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U.S. Rep. Steve Scalise.

In the interest of “exposing” what he calls a “Tax-and-Spend Spree,” U.S. Rep Steve Scalise of Jefferson Parish has sent out an email highlighting a provision in the Democrats’ proposed "Build Back Better" legislation which would provide favorable tax treatment to encourage hiring of journalists.

There are valid reasons for Republican concern about the Build Back Better proposal, including questions about whether Democrats are disguising the true costs by making the benefits temporary in their legislation, betting that they will be renewed later. We tend to believe the latter.

And Scalise is House whip for the Republican Party, so his world view is rooted in the GOP’s traditional support for limited government.

The journalism tax credits would cost an estimated $1.67 billion over ten years, which is a significant sum but amounts to about 50 cents per year per American.

But let's take a look under the hood of Scalise’s recent email.

“Whip Scalise is committed to exposing President Biden and Congressional Democrats’ giveaways to radical special interest groups and the far-left provisions buried in their 2,135-page big government tax-and-spending spree. There are many ‘hidden gems’ that Democrats are handing the socialists, and Whip Scalise will be highlighting them throughout the next few weeks.”

It’s great to see that Scalise sees himself “exposing” something “hidden,” which is what journalists do every day.

But in this case, the journalism provision of the Build Back Better legislation is not hidden. It’s right there online for all the world to see. Scalise’s email even includes a link to Section 138516.

It’s also not a “far left provision.” The concept, which was once proposed as a separate piece of legislation, had bipartisan support because Democrats and Republicans both understand that reliable coverage of local issues informs voters and supports democracy.

The provision also doesn’t hand a “hidden gem” to “socialists.” The government offers favorable treatment to all sorts of industries when it is in the national interest, from steelmakers to pharmaceutical companies to energy producers.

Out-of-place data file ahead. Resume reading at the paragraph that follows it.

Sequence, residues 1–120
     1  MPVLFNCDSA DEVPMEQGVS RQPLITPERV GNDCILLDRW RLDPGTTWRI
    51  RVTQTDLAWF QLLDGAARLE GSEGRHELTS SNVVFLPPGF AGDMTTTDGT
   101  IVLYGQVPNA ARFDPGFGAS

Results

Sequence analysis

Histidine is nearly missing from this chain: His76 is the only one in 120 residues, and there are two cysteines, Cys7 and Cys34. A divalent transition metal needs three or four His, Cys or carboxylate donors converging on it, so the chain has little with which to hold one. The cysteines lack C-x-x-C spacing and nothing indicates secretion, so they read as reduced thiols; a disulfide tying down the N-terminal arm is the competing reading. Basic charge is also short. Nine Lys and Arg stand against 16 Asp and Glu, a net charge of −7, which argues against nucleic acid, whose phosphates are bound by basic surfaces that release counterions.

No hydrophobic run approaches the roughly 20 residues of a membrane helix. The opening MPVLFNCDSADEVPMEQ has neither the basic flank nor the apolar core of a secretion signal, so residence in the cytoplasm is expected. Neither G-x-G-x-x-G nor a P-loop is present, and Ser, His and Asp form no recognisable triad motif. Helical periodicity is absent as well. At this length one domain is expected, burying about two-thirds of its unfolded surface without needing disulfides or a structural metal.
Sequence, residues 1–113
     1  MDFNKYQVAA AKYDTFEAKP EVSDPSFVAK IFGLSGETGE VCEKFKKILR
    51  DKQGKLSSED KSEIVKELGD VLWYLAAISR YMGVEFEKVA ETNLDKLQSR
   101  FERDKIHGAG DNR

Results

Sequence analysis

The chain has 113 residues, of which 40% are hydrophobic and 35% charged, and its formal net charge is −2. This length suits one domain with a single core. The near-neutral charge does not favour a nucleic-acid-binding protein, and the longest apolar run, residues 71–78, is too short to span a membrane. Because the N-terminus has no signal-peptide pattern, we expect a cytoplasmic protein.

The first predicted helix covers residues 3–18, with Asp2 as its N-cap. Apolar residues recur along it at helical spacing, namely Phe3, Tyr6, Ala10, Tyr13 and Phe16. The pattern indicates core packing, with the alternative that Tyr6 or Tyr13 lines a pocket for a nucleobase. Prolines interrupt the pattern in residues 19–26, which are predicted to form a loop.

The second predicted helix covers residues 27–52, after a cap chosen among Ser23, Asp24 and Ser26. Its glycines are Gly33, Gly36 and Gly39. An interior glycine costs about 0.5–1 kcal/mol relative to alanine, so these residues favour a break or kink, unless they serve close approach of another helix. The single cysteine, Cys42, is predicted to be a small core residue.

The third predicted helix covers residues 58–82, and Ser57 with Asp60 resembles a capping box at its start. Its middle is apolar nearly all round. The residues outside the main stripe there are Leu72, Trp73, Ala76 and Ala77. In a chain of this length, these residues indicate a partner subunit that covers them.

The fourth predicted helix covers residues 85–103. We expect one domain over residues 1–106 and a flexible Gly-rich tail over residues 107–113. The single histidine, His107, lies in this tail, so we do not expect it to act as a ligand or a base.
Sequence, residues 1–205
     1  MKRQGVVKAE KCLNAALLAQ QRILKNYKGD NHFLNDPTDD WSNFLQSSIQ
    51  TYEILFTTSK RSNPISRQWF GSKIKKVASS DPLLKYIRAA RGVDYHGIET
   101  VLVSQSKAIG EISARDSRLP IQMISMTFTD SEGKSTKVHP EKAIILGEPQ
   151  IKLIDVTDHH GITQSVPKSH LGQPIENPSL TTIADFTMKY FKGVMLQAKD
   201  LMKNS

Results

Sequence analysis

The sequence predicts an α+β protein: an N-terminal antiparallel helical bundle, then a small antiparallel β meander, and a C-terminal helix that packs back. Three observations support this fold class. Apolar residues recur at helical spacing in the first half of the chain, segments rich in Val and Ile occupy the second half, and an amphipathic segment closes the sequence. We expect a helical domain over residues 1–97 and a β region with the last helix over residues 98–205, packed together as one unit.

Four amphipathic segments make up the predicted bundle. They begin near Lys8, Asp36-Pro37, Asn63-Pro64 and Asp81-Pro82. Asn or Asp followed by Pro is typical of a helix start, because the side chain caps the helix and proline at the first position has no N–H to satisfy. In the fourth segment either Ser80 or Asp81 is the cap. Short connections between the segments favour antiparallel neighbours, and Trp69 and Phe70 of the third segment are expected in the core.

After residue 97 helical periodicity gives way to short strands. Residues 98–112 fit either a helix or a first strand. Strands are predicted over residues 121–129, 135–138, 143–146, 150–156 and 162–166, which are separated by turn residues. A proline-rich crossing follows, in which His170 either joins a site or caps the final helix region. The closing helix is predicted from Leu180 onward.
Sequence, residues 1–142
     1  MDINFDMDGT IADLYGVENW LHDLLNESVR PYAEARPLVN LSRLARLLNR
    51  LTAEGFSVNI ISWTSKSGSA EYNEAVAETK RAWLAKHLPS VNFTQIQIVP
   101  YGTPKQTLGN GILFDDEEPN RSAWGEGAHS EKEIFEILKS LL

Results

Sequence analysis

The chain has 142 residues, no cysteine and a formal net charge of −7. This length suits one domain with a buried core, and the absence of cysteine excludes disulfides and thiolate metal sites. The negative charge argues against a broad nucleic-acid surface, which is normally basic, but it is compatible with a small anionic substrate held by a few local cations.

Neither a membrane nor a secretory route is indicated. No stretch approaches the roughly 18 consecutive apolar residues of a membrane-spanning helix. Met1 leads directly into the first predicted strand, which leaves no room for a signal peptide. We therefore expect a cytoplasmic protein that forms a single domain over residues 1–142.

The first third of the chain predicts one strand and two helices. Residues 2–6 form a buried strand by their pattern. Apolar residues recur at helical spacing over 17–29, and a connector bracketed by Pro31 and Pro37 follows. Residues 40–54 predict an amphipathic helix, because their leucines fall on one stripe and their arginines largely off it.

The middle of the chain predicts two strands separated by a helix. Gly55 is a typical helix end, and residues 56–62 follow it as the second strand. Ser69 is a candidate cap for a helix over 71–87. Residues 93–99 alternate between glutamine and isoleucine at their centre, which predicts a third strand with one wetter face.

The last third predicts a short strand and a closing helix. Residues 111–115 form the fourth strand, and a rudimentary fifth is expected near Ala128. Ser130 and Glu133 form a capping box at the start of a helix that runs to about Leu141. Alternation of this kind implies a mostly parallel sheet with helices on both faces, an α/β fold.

We admit we bring some bias to the issue, as The Times-Picayune and The Advocate would benefit from favorable tax treatment. But we’ll be fine either way, since we have loyal print and digital subscribers in three of Louisiana’s biggest markets — New Orleans, Baton Rouge, and Lafayette — plus a statewide audience online.

Every month, about a thousand new digital subscribers sign up with NOLA.com and theadvocate.com

The more needy beneficiaries would be the smaller communities in Louisiana, which are in danger of becoming news deserts as goliaths like Facebook and Google sponge up the ad dollars that used to sustain local news coverage.

Many of those communities are served by small weekly newspapers, some still family-owned.

Maybe those smaller newsrooms are infiltrated by socialists, as Scalise suggests.

If so, Louisiana has a lot of socialists covering school board meetings, gathering the names of honor roll students, writing up wedding announcements and church notes, publishing public notices for local agencies, checking the lawsuits at the parish courthouse, disseminating information to help police catch criminals, and attending high school sporting events, even in the cold and the rain.

Editor Peter Kovacs: An extraordinary commitment of time and energy, thanks to your support